POPLAR — If you watched the Kansas City Chiefs run to a Super Bowl title, you might have caught a glimpse of Myltin Bighorn on the peripheries.
There he was at media day, behind the players speaking at the podium. There he was on the field painting lines. There he was in the locker room, kissing the Lombardi trophy. There he was on the bus at the championship celebration in Kansas City.
The Poplar native is the team’s inaugural LoneBear/H. Roe Bartle Rotational Intern. An initiative that provides a candidate of Native American Heritage the opportunity to work with, learn from and offer input for various departments of the Chiefs Organization.
And Bighorn, a proud member of the Fort Peck Assiniboine and Sioux Tribes, has done a little bit of everything since he started in August.
“I’ve been with communications, I’ve worked with business operations, marketing, stadium operations, community outreach, ticket sales and player engagement,” Bighorn said. “So I've been all over and every department is unique and benefits the organization in its own way.”
Bighorn became an invaluable resource for the organization, spearheading several projects and celebrations like the American Indian Heritage game against the Rams and Jim Thorpe Day at the stadium. He built relationships throughout the organization, including stars like All-Pro tight end Travis Kielce and NFL MVP quarterback Patrick Mahomes.
“Those guys are some of the most genuine, happy people I've ever met. It’s like you're meeting a friend for the first time. They're willing to have conversations talking about anything and everything,” Bighorn said. “And during the American Indian Heritage game, I was able to present Travis and Patrick their own beaded medallions. I got them some medallions so they wore it to pregame, walking down that tunnel and stuff. And I taught them what the medallion means and the beadwork.”
For a small town kid from Poplar, the entire experience has been surreal.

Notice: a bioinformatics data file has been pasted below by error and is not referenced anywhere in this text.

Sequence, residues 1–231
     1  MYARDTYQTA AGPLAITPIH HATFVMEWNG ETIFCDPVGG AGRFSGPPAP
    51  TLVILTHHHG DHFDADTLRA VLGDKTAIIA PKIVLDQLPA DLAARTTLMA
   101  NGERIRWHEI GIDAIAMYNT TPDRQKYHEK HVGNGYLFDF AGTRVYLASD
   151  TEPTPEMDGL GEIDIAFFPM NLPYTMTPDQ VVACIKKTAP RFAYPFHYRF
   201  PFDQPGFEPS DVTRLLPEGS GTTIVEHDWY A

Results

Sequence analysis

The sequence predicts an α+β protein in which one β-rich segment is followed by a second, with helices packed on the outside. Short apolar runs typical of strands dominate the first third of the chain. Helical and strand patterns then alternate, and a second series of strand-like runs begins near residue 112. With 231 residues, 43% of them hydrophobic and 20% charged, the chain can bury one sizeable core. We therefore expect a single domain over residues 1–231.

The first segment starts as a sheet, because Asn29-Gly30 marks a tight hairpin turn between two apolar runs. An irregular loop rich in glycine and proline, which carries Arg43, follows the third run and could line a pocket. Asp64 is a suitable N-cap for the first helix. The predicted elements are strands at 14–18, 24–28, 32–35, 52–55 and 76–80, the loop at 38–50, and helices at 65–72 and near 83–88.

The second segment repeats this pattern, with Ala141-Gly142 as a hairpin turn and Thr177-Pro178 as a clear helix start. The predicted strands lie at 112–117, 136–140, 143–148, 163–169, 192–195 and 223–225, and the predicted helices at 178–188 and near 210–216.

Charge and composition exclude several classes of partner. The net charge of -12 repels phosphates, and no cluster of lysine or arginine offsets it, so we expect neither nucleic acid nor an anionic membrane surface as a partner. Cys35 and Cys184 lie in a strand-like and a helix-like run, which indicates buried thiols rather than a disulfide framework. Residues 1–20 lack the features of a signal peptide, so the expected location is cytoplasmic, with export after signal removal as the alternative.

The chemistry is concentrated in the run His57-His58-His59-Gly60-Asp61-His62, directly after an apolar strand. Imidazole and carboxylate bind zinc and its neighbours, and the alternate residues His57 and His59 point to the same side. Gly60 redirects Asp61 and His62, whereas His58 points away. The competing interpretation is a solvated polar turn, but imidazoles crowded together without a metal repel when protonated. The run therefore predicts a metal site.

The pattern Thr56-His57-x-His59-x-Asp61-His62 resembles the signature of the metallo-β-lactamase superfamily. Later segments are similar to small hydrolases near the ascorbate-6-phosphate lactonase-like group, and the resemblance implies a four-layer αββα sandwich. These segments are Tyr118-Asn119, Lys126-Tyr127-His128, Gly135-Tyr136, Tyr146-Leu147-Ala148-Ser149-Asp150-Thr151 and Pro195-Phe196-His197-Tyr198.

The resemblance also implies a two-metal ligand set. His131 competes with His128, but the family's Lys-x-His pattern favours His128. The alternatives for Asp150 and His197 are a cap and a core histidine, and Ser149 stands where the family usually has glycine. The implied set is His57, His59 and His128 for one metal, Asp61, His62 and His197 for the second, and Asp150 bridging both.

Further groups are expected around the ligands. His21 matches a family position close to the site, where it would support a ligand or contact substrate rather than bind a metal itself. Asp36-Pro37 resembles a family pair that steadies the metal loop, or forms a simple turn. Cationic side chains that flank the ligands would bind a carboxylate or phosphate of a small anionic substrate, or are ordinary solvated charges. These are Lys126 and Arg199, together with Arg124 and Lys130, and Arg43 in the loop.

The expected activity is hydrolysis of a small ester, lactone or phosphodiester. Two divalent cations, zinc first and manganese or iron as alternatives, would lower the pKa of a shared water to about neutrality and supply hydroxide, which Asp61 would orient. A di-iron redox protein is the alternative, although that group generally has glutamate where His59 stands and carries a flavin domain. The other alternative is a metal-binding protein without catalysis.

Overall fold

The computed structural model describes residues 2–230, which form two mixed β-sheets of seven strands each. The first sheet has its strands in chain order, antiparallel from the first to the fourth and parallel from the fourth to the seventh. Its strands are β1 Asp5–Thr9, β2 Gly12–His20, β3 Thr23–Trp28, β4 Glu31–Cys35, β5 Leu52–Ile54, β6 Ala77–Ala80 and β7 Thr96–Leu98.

“I don't even want to say it’s a dream come true because I never dreamed of being at this level and going on a Super Bowl run and being on the field during the Super Bowl,” Bighorn said. “I’m fortunate, but I’m also so busy I feel like I still haven’t processed what really happened this year.”
But Myltin has never lost sight that his internship and his time with the Chiefs serves a larger purpose. Bighorn is a graduate student at the University of Kansas, studying sports management. He also has a bachelors degree in physical education. He has plans to return to Poplar and use his experiences to enrich his old high school and community, by bolstering the strength and conditioning program and coaching football and basketball.
“I’m not sure if it's going to be this summer or ten years down the road, but I know eventually I'll get back,” Bighorn said. “And I plan on just working there and utilizing my networks and connections with KU and the Chiefs and create events, health and wellness events, sporting events and make big things happen there that don't necessarily usually happen there.”
Most importantly, he wants to set an example for native youth.
“A lot of these Native youth don't really have someone to look up to. So, I just want to let them know that it doesn't matter where you grow up, who you grow up with, you could do whatever you need to do,” Bighorn said. “You can set your dream and write it down and you could actually accomplish it. Like, I’m a kid from Poplar Montana working with the NFL organization and I’ve been to the Super Bowl. That's unheard of. But it wasn't impossible. You just got to start moving.”
Though he might have been behind the scenes of the Chiefs super bowl run, he plans to be front and center in Poplar and the native community. Working to help make the changes he’d like to see, and provide opportunities for native youth.